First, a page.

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  24. hmmm, I could comment on you and your crisis of corduroy, but I am really into me at the moment. My daughter called and told me how she wants to dress for Halloween knowing FULL WELL that I will drop what I am doing and make her something to her specs, just like I do every year. She is careful to say "oh really, you mean you don't mind? I don't want to be any bother". But that is just code for, "OK Mom, I know you have been waiting for this all year. Now you are permitted to sew for me. It is a Halloween costume to be once (or twice if there are enough good parties). Can you make it tight and sexy and please don't make it itch".

    OK but back to you ... he is on thin ice! You will have to fight fire with fire on this one. Or corduroy with corduroy, I guess.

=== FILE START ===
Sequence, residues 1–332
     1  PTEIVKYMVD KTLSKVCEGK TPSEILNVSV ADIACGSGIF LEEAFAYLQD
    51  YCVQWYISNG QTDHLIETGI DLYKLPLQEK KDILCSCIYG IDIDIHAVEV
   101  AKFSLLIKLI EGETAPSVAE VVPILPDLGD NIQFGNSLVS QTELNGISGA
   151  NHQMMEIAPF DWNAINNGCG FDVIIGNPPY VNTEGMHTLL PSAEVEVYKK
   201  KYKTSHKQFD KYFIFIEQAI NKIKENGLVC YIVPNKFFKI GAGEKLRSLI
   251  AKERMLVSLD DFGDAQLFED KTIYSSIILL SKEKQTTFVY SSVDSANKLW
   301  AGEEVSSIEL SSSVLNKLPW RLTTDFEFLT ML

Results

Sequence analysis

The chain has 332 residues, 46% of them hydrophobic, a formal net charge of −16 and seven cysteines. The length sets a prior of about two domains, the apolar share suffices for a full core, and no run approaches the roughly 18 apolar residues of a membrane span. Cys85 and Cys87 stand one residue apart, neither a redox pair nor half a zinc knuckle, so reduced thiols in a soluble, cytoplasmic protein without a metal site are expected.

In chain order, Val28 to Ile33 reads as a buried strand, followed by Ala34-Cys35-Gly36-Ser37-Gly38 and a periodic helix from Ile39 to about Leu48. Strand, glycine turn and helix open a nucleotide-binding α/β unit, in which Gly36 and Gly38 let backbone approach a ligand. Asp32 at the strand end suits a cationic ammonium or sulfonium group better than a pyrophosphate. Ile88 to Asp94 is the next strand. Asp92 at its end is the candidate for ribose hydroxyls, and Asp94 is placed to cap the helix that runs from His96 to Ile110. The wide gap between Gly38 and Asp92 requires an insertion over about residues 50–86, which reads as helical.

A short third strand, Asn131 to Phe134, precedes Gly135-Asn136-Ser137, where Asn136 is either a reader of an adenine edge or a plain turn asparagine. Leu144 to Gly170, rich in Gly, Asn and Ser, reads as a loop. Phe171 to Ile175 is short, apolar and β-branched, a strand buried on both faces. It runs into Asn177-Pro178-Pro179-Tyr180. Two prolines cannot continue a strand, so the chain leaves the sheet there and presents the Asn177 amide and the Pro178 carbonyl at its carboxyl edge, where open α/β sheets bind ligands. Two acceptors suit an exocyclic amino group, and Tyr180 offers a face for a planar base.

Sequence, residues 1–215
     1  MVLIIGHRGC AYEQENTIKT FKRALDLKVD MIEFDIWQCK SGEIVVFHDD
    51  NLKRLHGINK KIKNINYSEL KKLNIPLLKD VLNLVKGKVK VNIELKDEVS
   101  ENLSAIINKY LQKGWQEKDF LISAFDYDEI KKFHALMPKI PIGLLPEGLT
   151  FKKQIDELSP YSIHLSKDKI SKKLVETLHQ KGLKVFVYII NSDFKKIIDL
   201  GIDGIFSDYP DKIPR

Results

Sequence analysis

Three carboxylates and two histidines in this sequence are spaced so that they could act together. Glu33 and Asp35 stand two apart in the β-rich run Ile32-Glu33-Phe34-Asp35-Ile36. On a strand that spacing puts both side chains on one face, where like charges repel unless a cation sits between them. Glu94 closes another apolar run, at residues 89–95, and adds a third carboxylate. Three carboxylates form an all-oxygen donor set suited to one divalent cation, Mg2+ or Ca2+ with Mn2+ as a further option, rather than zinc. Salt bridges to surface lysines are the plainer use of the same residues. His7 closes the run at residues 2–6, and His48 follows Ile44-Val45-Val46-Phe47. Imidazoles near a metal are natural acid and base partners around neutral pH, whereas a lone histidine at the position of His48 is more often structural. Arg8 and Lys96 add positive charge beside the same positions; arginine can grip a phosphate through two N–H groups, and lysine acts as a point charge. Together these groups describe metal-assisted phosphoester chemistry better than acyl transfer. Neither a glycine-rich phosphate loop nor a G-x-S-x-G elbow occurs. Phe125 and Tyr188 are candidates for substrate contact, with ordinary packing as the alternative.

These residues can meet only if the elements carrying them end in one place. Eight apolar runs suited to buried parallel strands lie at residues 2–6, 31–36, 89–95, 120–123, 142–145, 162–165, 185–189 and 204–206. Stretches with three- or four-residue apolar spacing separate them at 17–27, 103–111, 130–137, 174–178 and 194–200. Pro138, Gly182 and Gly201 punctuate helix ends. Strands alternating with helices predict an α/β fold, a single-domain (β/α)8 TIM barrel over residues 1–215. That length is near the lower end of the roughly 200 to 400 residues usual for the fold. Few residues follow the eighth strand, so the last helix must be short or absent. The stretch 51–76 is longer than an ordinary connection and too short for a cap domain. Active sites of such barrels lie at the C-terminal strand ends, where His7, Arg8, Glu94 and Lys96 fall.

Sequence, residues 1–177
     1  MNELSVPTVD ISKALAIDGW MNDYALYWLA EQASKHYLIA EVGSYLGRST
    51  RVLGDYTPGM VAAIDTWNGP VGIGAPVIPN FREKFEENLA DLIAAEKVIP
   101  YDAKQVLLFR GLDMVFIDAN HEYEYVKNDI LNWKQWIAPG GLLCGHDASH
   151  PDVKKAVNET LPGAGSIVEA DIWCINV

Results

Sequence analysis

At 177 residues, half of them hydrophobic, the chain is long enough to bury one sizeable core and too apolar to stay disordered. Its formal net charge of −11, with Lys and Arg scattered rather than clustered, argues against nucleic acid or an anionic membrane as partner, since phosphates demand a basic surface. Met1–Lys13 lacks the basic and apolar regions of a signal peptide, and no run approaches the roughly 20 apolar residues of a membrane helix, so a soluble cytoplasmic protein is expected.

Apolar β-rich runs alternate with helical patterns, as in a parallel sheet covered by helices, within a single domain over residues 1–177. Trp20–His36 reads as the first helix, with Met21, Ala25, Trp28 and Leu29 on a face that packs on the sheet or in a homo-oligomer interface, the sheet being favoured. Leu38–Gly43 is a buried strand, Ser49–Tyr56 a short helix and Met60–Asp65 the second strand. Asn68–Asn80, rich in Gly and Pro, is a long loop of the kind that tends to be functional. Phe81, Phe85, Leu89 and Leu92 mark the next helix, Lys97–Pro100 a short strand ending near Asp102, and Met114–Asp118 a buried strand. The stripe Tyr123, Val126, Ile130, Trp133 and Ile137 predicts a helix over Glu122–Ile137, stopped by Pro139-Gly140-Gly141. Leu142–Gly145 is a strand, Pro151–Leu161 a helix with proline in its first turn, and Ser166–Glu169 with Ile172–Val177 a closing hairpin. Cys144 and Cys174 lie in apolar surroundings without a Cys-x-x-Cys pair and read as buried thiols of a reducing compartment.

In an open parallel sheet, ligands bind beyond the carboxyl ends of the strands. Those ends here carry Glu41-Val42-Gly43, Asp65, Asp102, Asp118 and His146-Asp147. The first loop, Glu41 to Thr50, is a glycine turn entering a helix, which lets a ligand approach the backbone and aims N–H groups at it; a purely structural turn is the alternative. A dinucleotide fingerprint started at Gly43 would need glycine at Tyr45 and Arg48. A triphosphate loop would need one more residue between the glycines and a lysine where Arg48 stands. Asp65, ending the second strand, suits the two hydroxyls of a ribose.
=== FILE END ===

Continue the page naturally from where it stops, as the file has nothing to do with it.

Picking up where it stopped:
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  25. I am a lurker, but I have to say that I love your blog AND the comments. So wonderful. When I am not sewing, I want to live in your world.

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  26. Since he bought the shirt for you but then returned it and bought something for himself, I'd say you're down a shirt. So, my vote is for making yourself a nicer one and making him feel inferior.

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  27. Look at it from another angle: you are freed from thinking you have to sew for him. That leaves you free to sew for him when you feel like it. (Maybe that's the subliminal message he's sending.) My mother used to tell me "Save your battles for important issues." Where Michael gets his clothes is not one of them. Just hug him and tell him you love him, and let it go.

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  28. $79 for that jacket? Merciful heavens! If you'd told me it was Faded Glory and found on the subway, I've have believed you.